Untweetworthy, Part the Third

Once again, it's time for another installment of my semi-regular feature, Untweetworthy. Here I get to share some random thoughts that are either too long or too weird for Twitter (where I spend an inordinate amount of time as it is).

But first, I had a post up here on Friday night with my feelings about the atrocity of the Sandy Hook School shooting. All I'm going to say on that is something needs to be done. Mentally ill people are mostly non-violent, and I have enough trouble without having the label "Possible Mass Murderer" attached to me because I have a DSM code pinned to my shirt. Crazy didn't kill those children, a violent man with an assault rifle did.

Now that's out of the way, on to a little more pleasant stuffnfluff. Images courtesy of rage comics.

*Lulu was reading Tumblr over my shoulder the other day and suddenly spouted, "Hey, is that a rage comic? I love rage comics!" I replied, "You do?" "Oh yeah, they're funny." I see. (How can I make this event into a rage comic?)

*I took my laptop to a Girl Scout holiday event and hunkered down as far from the merriment as possible. Wrote 1500 words in an hour and a half. Sitting quietly alone at home, wrote 200 words in four hours


*I have now spent more time tracking holiday gift shipments than I spent purchasing those gifts in the first place.

*Morgan the cat seems to have figured out which present I labeled "To Lulu, From Morgan" and has taken it upon himself to sit only upon that gift under the tree. He might be trying to hatch it like an egg. He also removed the bow for more convenient cat butt placement. Also, he now knows that some of the ornaments on the tree are indeed breakable, and that breaking one causes terror when I come screaming and stomping into the room.

*I have been to the grocery store three times in the last five days. Once for the BIG SHOP. Once more for items forgotten on the big shop. And again for items forgotten during the first two shops. I still have a list with four items that I forgot to buy on ALL THESE TRIPS COMBINED. I should have made a list the first time around...or at least the second time. Definitely by the third.

*So MANY friends got new agents this week! All the joy, cheers, and happiness to Tamara Mataya and Marisa Cleveland, as well as Kelsey Macke and Jessica Sinsheimer on all the agenty collaboration! You know what this means, right? MOAR GOOD BOOKS IN OUR FUTURE, LOVELIES!!!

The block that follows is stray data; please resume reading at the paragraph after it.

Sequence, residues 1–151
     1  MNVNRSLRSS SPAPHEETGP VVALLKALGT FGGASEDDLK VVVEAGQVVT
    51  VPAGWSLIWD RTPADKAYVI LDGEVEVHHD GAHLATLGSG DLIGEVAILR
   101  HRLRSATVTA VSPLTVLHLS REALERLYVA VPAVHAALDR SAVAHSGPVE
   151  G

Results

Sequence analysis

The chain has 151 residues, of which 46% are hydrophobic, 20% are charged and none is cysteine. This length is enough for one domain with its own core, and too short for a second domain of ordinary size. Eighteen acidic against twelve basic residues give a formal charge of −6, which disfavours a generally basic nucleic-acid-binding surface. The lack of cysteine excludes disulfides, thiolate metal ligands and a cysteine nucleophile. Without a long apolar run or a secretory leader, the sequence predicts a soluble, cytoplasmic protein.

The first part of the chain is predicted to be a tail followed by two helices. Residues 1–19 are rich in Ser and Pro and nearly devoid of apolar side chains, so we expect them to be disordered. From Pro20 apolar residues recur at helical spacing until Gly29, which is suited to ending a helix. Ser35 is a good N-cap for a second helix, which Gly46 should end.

This brings us to the end of another edition of Untweetworthy. I hope you found it edifying, somehow.

Tuesday, December 11, 2012

Pitch Wars and Critique Partners

On this, the eve of Pitch Wars mentor announcements, I've been thinking a lot about what the real purpose of this contest has been. Sure, it's fun and immeasurably helpful to get help from an agented author. It's also helpful to get your query and novel polished to perfection (or as close to perfection as any novel can get). But what is the real benefit here? Learning about critiquing.

When I first started writing, this was my biggest stumbling block. I read sites that advised you share your work with your "writer friends." Hah! What writer friends? I didn't have any, and I was darn sure I wouldn't have any until I was a Successfully Published Writer. Where the heck could I meet all these potential writer friends, when I was a complete nobody who never wrote anything?


Turns out, lots of places.

I met writers online, through other contests, through their blogs (and eventually through this one right here), through Twitter, and even through Facebook. There are always writers who are in the same place in the process that you are. You just have to know where to look for them. Pitch Wars has been a great way to connect with many new writers who are in the query trenches, too. Make nice, and they might read for you if you read for them.


Initially, the thought of sharing my writing with others, and asking for their honest opinion and critique, was a little intimidating. Even more intimidating was asking to read their writing and offer my own opinions. What the heck did I know about critiquing? The idea of making with the judgy on someone else's writing gave me the cold sweats. Who was I to tell them they didn't need that comma there (BONUS COMMAS, as I call them now), or that they shouldn't use the same word three times in two sentences, or that their phrasing at a critical moment in their beloved story came across as clunky and jarring instead of inspiring and enlightening? I was terrified of saying the wrong thing, of coming across like an ass, and of not doing a good job.

To be honest, the first time I ever critiqued something, I got lucky. I wasn't the first person to edit the manuscript, and there wasn't all that much to do to make it shiny. It was a gentle introduction to the fine art of being a merciless nitpicker. Also, as I've since been informed, as long as it's done with love, merciless nitpicking is actually a valued trait in a CP.

Not only have I benefited from the opinions and ideas of a wonderful group of people who read my writing and offered advice, but my writing has improved through helping others, too. It's all good for you.